Using the E4 to measure stress intensity through Machine Learning methods
This article has been guest-authored by Pekka Siirtola, an Adjunct Professor at Biomimetics and Intelligent Systems Group, University of Oulu, Finland. His research interests are related to artificial intelligence, machine learning, and how these can be used to find answers to health and wellbeing-related research questions. This piece is based on his study “Comparison of Regression and Classification Models for User-Independent and Personal Stress Detection”, published in August 2020.
Well-being at work and work efficiency are closely connected. This is because when employees have good well-being at work, they are more engaged, more motivated, and, most importantly, have fewer sick days. One of the main factors leading to reduced well-being and efficiency at work is stress. Therefore, to increase productivity, it is important to study what causes work-related stress. To investigate this efficiently, we need to first establish methods to measure stress.
Recently, there has been a lot of attention and studies on how to identify stress using wearable sensors. In fact, in many of these studies, stress has been detected with very high accuracy using machine learning and artificial intelligence methods applied to sensor data collected using wrist-worn wearable devices. The limitation of these studies is that they mostly only recognize if the person is stressed or not; in other words, they are based on classifying discrete target variables. However, similar to other emotions, stress is not a discrete phenomenon: the level of the stress of a person can be high or low, or anything in-between. It should therefore be analyzed based on continuous target values. This means that instead of using classification methods, which are used when data has discrete target variables, the data should be analyzed using regression methods as they are designed for continuous target variables.
A clear reason for the use of discrete target variables instead of continuous in most studies is that defining continuous target values for the training data is much more difficult than using discrete target values. Therefore, the decision to simplify the studied phenomenon by transforming a continuous phenomenon as discrete due to the difficulty to gather continuous target values has already been made in the data-gathering phase.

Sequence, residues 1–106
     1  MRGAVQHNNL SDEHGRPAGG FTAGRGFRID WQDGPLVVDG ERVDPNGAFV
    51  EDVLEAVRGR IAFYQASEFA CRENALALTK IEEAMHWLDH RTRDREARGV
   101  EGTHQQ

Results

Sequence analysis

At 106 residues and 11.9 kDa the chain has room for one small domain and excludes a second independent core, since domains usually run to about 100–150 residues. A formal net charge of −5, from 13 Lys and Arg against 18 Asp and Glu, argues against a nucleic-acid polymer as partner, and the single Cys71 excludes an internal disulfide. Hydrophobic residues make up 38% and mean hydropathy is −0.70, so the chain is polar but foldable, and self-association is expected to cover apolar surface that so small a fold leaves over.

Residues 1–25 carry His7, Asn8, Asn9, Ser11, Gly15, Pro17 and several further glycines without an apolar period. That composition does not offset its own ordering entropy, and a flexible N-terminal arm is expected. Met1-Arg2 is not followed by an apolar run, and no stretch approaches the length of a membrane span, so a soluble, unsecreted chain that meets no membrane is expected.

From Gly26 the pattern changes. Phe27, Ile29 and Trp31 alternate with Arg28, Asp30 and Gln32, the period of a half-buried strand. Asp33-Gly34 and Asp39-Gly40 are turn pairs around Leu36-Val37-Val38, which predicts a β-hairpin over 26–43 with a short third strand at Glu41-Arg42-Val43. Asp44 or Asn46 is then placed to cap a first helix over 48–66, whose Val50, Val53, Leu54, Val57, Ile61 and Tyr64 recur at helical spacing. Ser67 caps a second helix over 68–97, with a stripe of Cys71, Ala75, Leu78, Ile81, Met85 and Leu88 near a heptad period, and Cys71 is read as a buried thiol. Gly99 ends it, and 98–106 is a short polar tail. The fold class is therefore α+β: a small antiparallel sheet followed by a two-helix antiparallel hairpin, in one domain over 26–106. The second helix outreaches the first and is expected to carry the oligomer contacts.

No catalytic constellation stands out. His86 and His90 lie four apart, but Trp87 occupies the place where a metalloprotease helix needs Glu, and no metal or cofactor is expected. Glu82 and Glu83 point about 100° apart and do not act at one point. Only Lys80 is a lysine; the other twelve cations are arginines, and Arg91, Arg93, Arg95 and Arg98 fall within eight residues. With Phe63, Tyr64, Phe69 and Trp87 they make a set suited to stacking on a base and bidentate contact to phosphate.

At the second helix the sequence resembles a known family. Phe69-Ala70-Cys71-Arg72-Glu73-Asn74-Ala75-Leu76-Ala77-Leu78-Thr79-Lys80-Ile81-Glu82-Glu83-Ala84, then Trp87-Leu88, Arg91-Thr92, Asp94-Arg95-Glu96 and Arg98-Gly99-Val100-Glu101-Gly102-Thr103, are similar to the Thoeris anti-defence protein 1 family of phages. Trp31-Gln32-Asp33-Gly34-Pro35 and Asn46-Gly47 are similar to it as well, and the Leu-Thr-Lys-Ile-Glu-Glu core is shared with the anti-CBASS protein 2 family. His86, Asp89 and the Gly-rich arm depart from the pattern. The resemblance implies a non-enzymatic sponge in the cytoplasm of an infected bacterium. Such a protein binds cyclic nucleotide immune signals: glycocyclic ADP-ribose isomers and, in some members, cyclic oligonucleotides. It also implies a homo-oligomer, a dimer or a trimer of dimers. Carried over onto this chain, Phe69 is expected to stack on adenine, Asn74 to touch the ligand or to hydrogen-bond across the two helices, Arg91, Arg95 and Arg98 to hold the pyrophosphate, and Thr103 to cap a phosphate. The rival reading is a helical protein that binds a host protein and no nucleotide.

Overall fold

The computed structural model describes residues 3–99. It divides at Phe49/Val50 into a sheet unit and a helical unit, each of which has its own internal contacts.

Would stress detection models then benefit from continuous target variables or not? Is it a waste of time to collect continuous target variables or not? This was studied in our article Siirtola & Röning (2020), published in Sensors (Basel) where regression and classification models for stress detection were compared to experiment if regression methods really outperform the classification method.
This study is based on a publicly open data set called AffectiveROAD. This data was originally used in Haouij et. al (2018) and after this, it was made publicly available. This high-quality dataset contains data from nine participants measured using Empatica E4 while persons were driving a car. In fact, participants wore the device on both wrists. As you may know, Empatica E4 includes accelerometers (ACC), as well as, sensors to measure skin temperature (ST), electrodermal activity (EDA), blood volume pulse (BVP), heart rate (HR), and heart rate variability (HRV); therefore, it contains more sensors than any other wrist-worn device in the market. Most importantly, the raw data provided by Empatica is of high quality. Due to this, Empatica E4 has been commonly used in studies related to stress and affect state recognition, and our study does not make a difference.
In the data gathering session, participants were asked to wear the E4 devices on both wrists and drive a car in normal traffic among other drivers. The session started with a rest period where the study subject was just sitting and resting in a car, eyes closed and engine running. The actual task consisted of driving on two types of roads and traffic conditions: at low speed in the city center, and at a much higher speed on the highway. The reason for driving on two types of roads was that city driving is assumed to be stressful as it contains traffic lights, a lot of vehicles, pedestrians, and cycles. On the other hand, the highway is a smooth road, and driving there is assumed to be less stressful. This way, it was possible to get variation to the dataset, so that data does not contain only one type and level of stress. This variation is important when training machine learning models that should be able to detect any type of stress.